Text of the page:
Exif metadata are wonderful.
Just think about all the fields listed in the Exif standard: a great bunch of information is available for each image. When the picture was taken? And where? And what camera was used? And what were the f-stop and exposure settings? And who was the photographer? ... damn! Why the author field is always empty?
Anyway...Exif metadata are definitely marvelous.
The problem is that commonly, pictures and related metadata are too numerous and this prevents an efficient inspection of the files during a digital investigation.
So there is a need of aggregation of the information: for the picture content the problem is hard, also using machine learning algorithms. But in the case of metadata, a smart way to show them can alone lead to evidence discovery, or at least to form a suspicion!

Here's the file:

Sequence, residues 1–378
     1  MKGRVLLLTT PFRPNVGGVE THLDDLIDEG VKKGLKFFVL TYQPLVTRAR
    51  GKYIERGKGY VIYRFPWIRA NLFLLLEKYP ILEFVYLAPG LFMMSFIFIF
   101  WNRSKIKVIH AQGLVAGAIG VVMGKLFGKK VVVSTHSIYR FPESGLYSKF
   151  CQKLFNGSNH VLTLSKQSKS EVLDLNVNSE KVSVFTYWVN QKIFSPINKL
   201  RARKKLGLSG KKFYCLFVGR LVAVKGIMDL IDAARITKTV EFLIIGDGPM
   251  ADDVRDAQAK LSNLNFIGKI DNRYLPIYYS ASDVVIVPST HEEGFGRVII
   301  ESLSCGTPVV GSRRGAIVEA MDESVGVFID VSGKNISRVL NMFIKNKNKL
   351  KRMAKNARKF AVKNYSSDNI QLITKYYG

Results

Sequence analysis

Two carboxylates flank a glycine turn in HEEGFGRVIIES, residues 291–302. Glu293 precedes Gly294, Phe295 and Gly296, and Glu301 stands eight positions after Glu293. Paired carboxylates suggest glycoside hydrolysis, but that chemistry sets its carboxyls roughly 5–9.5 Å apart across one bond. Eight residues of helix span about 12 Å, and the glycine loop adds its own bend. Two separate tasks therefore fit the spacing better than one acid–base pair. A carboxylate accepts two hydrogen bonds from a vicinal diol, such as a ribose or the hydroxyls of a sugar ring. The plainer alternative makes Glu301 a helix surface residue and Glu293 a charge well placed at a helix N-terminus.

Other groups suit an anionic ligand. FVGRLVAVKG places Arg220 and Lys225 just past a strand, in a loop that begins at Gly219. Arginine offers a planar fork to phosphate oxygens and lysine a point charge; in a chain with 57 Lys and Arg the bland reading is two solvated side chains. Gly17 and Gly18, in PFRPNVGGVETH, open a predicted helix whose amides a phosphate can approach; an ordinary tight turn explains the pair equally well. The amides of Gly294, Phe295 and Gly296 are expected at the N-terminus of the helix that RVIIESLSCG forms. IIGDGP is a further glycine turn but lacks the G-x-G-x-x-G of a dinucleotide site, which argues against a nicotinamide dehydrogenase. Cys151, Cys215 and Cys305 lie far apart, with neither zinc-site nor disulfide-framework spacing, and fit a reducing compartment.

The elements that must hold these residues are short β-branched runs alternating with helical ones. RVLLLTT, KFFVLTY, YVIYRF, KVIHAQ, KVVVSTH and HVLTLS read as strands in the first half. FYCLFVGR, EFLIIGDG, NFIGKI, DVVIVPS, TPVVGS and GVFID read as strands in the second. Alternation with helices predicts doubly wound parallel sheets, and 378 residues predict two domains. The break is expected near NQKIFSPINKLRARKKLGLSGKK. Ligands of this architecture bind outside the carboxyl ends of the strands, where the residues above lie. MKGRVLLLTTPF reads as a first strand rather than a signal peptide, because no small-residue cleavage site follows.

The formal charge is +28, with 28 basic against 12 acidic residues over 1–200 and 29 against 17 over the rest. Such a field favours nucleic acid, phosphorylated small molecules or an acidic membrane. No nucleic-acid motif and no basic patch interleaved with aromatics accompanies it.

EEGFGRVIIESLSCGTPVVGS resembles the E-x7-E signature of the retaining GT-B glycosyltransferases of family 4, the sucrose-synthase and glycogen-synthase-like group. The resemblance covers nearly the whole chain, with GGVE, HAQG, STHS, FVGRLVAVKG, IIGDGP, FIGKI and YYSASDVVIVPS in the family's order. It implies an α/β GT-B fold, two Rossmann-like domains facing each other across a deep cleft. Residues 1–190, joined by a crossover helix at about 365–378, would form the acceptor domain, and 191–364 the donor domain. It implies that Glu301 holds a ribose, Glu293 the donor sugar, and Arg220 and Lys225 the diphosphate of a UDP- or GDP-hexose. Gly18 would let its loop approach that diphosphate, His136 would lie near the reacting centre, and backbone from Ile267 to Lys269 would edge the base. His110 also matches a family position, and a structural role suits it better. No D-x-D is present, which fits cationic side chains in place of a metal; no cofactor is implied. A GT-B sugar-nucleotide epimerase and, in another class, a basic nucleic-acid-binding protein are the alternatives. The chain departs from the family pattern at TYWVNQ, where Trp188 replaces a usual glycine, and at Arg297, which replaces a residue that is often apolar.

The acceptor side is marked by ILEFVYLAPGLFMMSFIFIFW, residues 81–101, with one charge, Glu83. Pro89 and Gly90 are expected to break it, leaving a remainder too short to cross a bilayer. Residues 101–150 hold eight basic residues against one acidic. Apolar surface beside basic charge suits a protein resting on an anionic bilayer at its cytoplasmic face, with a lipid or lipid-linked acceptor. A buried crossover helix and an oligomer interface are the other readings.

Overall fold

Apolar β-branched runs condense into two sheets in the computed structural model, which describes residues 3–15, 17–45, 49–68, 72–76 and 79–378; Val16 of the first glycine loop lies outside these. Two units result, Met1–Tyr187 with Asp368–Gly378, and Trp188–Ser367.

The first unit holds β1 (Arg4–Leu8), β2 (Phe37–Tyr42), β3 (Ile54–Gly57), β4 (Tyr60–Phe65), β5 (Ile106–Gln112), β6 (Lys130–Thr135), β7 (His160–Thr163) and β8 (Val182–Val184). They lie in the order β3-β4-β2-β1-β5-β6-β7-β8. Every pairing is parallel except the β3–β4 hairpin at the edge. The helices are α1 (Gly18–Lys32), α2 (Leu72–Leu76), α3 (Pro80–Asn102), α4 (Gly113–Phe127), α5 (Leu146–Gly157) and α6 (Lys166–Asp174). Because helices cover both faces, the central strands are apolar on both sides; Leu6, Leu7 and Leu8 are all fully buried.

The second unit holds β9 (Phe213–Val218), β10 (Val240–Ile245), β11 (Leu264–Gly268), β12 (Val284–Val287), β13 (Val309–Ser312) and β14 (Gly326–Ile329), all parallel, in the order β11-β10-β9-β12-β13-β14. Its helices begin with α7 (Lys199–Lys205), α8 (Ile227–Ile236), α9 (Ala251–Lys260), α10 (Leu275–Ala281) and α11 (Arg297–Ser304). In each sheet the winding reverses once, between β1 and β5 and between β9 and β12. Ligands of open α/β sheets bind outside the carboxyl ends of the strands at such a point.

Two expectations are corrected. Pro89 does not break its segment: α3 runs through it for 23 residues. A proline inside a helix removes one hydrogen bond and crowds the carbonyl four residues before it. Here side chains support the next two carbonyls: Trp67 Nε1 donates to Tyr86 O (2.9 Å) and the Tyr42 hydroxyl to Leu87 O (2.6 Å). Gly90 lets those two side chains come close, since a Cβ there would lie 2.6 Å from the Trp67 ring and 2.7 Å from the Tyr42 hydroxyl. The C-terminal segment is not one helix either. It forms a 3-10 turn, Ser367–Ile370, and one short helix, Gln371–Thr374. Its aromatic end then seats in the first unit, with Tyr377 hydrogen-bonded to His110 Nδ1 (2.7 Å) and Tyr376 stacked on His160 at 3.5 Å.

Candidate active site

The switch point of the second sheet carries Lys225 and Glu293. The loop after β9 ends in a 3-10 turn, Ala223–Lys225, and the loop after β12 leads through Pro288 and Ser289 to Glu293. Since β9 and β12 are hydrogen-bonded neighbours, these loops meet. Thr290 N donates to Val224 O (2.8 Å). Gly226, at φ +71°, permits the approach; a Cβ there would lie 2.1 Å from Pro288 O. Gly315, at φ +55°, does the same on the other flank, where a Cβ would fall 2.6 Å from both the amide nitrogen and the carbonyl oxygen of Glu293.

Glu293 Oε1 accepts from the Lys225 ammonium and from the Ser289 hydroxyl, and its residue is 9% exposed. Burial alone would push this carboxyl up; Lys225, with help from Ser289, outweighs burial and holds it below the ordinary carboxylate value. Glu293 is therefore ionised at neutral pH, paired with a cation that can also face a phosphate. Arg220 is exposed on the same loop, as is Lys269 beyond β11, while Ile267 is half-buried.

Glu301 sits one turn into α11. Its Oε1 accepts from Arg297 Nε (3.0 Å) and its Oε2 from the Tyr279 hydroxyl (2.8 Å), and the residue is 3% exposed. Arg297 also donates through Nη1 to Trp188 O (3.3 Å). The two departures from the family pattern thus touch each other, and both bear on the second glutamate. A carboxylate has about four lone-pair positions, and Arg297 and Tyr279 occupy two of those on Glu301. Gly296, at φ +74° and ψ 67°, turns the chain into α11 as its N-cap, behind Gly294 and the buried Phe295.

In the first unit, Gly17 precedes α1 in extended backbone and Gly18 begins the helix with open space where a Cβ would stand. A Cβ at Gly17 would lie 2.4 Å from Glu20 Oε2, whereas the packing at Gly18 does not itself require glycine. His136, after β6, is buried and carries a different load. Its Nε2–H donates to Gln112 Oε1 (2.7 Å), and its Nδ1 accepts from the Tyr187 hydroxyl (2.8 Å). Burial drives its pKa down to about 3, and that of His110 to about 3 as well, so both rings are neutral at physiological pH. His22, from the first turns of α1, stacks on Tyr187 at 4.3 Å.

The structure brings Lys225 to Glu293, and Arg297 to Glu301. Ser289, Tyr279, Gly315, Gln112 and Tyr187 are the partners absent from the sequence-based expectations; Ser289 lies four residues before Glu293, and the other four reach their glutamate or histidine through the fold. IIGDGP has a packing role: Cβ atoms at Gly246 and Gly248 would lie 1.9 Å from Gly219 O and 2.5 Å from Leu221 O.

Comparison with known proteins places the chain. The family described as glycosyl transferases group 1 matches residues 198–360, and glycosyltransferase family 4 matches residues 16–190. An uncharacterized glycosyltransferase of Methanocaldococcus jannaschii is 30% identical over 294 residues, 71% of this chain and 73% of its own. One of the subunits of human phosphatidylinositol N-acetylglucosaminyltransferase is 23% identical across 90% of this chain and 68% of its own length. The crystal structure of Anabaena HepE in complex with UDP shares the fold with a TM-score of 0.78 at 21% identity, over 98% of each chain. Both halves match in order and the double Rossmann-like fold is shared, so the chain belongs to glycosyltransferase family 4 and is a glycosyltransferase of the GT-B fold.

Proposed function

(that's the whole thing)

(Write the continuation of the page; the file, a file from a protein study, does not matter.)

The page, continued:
And that is what EXIF summarizer tries to do: given a directory (the root directory is fine), it recursively scans all the folders, reads the EXIFs and composes a table with all the found cameras used to take the pictures, and the usage time intervals, based on the Photo.DateTimeOriginal field. The obtained report could be for example useful to easily detect the cameras or the phones which are most used by the person under investigation.
The only requirement is to download and install the pyexiv2 module.
Then, simply run the script giving it the desired options:
-i <directory_to_scan> (mandatory)
-r to enable the recursion into the directories
-c to obtain a csv output
-w to obtain an html output (recommended)
-f to create a list of the photos for each camera in the html report